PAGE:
[One] perspective on the journey of maturation is that of the ‘two halves of life’, separated by some kind of public ritual which displays our movement from the first to the second half. This same basic journey is undertaken in virtually every culture on earth. Young men from the Maasai undergo circumcision as part of their initiation into adulthood, Bar Mitzvahs perform a similar function for Jews, and Australian Aboriginal boys spent months preparing for their full entry into society, with sacrifices and lessons on tribal law all part of the process. For some Christian groups baptism serves this purpose, and for some parts of groups like the Amish, this may be preceded by a period of ‘rumspringa’, where adolescents actually leave the community for a period to experience ‘English’ life – with all its sex, drugs and rock ‘n roll – before returning and taking up full membership of the church.

We can see an archetype here: it is precisely in the time around puberty, when we gain the biological ability to reproduce and become parents, that all cultures and faiths seem to demand a period of ‘excursion’, a time away from the host community, often in physically demanding conditions, to prepare themselves for the task of parenthood. As we have seen, this is the plot of countless movies and books, from Austen to Dickens: a young girl looking for her prince (or vice versa) must undergo a journey of sorts, a rupture, a move away from the family home, facing all sorts of trials before returning triumphantly and enjoying a wonderful wedding.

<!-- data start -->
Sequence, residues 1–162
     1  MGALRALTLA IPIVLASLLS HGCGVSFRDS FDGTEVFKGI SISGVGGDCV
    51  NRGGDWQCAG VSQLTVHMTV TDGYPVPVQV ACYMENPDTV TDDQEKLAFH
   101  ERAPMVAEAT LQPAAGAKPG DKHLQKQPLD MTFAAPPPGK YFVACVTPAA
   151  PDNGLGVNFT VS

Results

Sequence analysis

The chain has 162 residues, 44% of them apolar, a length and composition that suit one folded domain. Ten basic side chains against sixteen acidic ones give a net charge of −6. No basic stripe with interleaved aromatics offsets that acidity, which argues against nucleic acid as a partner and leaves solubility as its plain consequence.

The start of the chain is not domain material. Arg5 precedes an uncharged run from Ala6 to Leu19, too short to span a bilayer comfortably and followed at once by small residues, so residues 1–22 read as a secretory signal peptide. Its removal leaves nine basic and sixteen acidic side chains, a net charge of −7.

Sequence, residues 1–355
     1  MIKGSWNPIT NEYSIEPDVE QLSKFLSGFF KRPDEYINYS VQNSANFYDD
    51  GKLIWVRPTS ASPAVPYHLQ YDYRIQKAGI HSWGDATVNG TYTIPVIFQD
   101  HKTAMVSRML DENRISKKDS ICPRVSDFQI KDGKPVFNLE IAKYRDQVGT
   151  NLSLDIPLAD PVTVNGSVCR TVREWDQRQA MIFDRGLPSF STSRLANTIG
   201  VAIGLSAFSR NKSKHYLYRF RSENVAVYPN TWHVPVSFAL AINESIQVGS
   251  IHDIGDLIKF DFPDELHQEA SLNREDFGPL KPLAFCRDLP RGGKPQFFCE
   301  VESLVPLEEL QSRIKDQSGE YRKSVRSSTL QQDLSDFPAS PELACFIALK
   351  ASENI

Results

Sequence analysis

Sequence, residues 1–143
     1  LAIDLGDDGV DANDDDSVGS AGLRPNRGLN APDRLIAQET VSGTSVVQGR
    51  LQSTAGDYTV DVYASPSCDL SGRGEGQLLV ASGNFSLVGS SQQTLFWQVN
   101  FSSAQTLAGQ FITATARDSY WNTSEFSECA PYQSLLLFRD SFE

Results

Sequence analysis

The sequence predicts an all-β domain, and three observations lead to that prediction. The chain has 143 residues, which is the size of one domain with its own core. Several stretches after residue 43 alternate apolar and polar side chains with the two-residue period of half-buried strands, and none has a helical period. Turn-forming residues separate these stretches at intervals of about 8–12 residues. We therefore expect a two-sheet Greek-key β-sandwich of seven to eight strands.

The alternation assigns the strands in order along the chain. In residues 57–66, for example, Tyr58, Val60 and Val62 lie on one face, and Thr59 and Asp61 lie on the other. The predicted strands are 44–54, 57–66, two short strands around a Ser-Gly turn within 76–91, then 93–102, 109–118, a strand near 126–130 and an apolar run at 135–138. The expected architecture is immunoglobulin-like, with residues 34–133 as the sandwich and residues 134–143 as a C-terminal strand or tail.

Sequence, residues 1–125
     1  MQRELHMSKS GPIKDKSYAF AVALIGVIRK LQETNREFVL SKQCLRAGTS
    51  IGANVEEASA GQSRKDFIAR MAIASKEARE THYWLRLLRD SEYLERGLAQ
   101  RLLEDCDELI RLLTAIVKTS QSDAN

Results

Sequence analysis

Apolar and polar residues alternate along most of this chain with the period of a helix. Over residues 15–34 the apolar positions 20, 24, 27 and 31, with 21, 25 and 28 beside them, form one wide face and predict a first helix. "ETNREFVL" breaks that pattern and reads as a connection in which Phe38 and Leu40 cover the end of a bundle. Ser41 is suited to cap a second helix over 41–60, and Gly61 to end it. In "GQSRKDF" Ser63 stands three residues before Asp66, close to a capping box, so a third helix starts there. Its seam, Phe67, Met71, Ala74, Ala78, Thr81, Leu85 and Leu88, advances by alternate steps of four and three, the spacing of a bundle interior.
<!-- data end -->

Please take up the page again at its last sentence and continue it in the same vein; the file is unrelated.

The gospel makes interesting reading through this prism: Jesus is born in miraculous circumstances and then, at a particular time in his life, leaves home, undertakes a journey with a band of followers, is frustrated, suffers, leaves the reader under the impression that he has died, but then comes back victorious to await his ‘bride’.

The question that I think is pertinent here: to what extent can the ’emerging’ phenomena be paralleled by this ‘rumspringa’? In other words, is it an excursion away from the institutions of faith – a temporary act of heresy that is then put away – or a more fundamental departure? In other words, can the Emerging Church ever be a mature ‘second half of life’ expression?